Originally Posted by Tony Smith View Post
How late were the 2 Gal cans manufactured for the military?


But on Ebay UK at the moment is a 1955 dated 2 Gal can (https://www.ebay.com.au/itm/VINTAGE-...YAAOSw8b1gSKcV)

Were they made much later than the mid-50's?


So by 1949, the British Army was already disposing of surplus 20lt Jerries, but was still making 2 Gal cans in 1955.
Tony,
That can on Ebay is actually a WD Water can as it does not have the 'petroleum' script embossed on it. I have a new unissued one dated 1950's era painted in gloss Deep Bronze Green with WATER stenciled on the side. There were still vehicles in service at that time, that had stowage for 2 gallon cans but not for jerricans.

As for the Ampol jerrican, over here in UK a friend recently bought an old jerrican with Shell logo and oil grade on it, so they were obviously utilised after the war when there was a shortage of steel.
regards, Richard
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  #160  
Old 11-04-21, 02:50
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Thanks Dusan , Tony & Richard , amazing information . Keep it coming !
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  #161  
Old 11-04-21, 08:27
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I think what Dusonn has is not a "Flimsy" I have one and they are much heavier with a screw cap. Mine is dated 1940 and it has been suggested that they are a food container? (Soup-Stew etc)

My 1942 "Flimsy" is just that! Very flimsy by comparison with a pull off cap (like a ring pull) Ron
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  #162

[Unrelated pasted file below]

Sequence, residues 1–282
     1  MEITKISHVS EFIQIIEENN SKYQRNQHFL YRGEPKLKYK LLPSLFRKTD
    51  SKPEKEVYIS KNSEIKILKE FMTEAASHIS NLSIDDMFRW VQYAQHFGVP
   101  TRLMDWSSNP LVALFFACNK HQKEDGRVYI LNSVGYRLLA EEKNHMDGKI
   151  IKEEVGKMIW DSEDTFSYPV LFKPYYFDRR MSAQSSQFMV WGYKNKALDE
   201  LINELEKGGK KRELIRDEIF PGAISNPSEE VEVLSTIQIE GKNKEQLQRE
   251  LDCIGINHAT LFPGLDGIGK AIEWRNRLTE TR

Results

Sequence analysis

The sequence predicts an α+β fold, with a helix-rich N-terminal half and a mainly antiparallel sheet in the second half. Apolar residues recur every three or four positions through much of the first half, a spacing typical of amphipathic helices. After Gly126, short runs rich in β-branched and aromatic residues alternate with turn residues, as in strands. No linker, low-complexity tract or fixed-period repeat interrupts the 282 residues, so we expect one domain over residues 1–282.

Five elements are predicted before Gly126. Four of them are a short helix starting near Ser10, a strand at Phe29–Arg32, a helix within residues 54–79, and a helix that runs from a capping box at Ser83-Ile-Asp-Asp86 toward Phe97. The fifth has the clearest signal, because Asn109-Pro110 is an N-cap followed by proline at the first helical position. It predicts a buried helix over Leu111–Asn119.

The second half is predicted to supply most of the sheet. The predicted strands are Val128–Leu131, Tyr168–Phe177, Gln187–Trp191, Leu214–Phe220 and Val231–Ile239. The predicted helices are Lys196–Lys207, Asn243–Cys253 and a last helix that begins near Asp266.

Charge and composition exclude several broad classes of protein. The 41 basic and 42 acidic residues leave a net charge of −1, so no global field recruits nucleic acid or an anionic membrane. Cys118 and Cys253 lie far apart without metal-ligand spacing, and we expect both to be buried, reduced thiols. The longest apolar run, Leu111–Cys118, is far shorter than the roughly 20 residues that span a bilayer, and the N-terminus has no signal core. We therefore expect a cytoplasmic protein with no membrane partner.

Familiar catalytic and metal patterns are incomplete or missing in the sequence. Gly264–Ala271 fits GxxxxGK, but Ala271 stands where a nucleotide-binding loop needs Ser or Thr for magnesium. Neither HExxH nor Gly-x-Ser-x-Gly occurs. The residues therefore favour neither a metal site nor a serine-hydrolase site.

Old 08-05-21, 04:12
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Nice Ron . I see MT 80 . Motor Transport 80 Weight motor oil i suggest . It is punched on the side away from the opening to let air in when emptying . A flimsy is a one time use container . As for carrying soup / food in a 4 gallon tin can and with such a small opening ..... don’t know. But that model of can is reusable compared to a flimsy. MODERATOR : Please change the title of my thread to :Allied POL & Water containers . Thanks .
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Last edited by Robert Bergeron; 08-05-21 at 04:24.
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  #163  
Old 08-05-21, 08:30
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Hi Robert. I've never heard of Flimsy's being used for oil. 80 was the octane rating (pool petrol). You can actually see 80 on a couple of the cans in this stack. Ron
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  #164  
Old 08-05-21, 15:23
Grant Bowker Grant Bowker is online now
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I agree with the 80 being more likely octane than oil viscosity.

Consider that many cars now use 0 weight oil for fuel economy and ease of cold starting. In the WW2 period 30 weight was fairly common. I've never owned a vehicle tha called for anything heavier than 20W50 (motorcycle and 1976 VW and the VW only called for 20W50 for sustained very hot weather driving, mabe a holdover from the aircooled Beetle?) Oils in the 75 and above viscosity range are more often gear oil for transmission or axle use.